This approach, often referred to as 'green' open access, is a passion for some academics (e.g. high-energy physicists) and a relatively low priority for other researchers (e.g. economists and social scientists), but several organizations have introduced mandates that require their researchers to deposit articles, often in the absence of any recognition to the journal that published the article - or indeed without any time between publication and deposit.

In cases of mandated deposit, Elsevier is working hard to develop agreements with organizations to introduce a sustainable element to manuscript posting – often involving the introduction of journal level embargo periods, which allow the publisher to recoup the investment made in publishing the article.

We have significantly developed our open access publishing options and also continue to develop and invest in subscription publishing at the same time. In the longer term, we anticipate continued mixed-model publishing, with both subscription and open access publishing operating alongside one another.

Riaz AghaDr Riaz Agha BSc (Hons), MBBS, MRCSEng, MRCSEd, FHEA is the founder, Managing and Executive Editor of the International Journal of Surgery and a trainee surgeon at Frimley Park Hospital NHS Foundation Trust in Surrey. Here he reflects on the launch of The International Journal of Surgery: Case Reports (IJSCR) for which he is Managing and Executive Editor.

“In May 2010, we launched Elsevier’s very first open access journal, the International Journal of Surgery: Case Reports.1 The journal complements its subscription-based sister journal, the International Journal of Surgery. I always felt that open access was a good model for many journals.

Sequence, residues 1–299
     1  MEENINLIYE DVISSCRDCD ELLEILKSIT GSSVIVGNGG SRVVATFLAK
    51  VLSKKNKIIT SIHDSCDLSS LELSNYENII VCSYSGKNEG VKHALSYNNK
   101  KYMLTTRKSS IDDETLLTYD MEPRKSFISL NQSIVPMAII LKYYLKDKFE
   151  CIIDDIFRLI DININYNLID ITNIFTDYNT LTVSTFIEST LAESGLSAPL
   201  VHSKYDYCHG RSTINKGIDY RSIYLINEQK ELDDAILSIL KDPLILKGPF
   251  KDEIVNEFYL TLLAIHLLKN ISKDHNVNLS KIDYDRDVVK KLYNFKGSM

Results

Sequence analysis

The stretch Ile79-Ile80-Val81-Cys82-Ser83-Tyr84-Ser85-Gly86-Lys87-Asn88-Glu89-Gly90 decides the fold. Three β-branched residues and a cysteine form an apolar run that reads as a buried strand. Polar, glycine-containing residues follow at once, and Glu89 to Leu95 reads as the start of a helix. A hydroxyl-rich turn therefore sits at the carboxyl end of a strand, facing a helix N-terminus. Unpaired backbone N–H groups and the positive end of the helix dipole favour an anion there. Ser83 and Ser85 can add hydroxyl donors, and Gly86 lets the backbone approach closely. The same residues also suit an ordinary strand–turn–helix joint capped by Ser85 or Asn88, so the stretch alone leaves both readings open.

Most of the open access journals in this field actually charge £1,000-2,000 to publish full length articles. As we wanted to focus on case reports – and that kind of charge is often beyond the affordability of surgeons in training or individuals without access to institutional funds/grants - our charge of £250 per accepted case report is more appropriate.

I am happy to see the number of authors willing to pay this rise year on year as the journal develops. It is also great to see our articles are being read widely too with more than 10,000 downloads in just our second year. Most satisfying is that we have provided a new journal that the scholarly community and surgeons alike appreciate.

’’ 1 Agha R and Rosin DR. Time for a new approach to case reports. International  Journal of Surgery: Case Reports 2010;1(1):1-3 PMCID PMC3199611.  Co-published in the International Journal of Surgery 2010;8(5):330-332.  PMID: 20470911.

Author Biography

David TempestDavid Tempest
DEPUTY DIRECTOR OF UNIVERSAL ACCESS
David’s role focuses on the development of a wide range of strategies and implementation of access initiatives and he is a key contact between Elsevier and funding organizations, universities and research institutions around the world. He has worked at Elsevier for more than 15 years, including periods in both editorial and marketing positions, and spent the majority of his career managing the scientometric research and market analysis department within the company. David speaks frequently at various global events about the development of new universal access initiatives and technologies, as well as publishing matters in general. He has a BSc in pharmacology from the University of Sunderland and an MBA with distinction from Oxford Brookes University.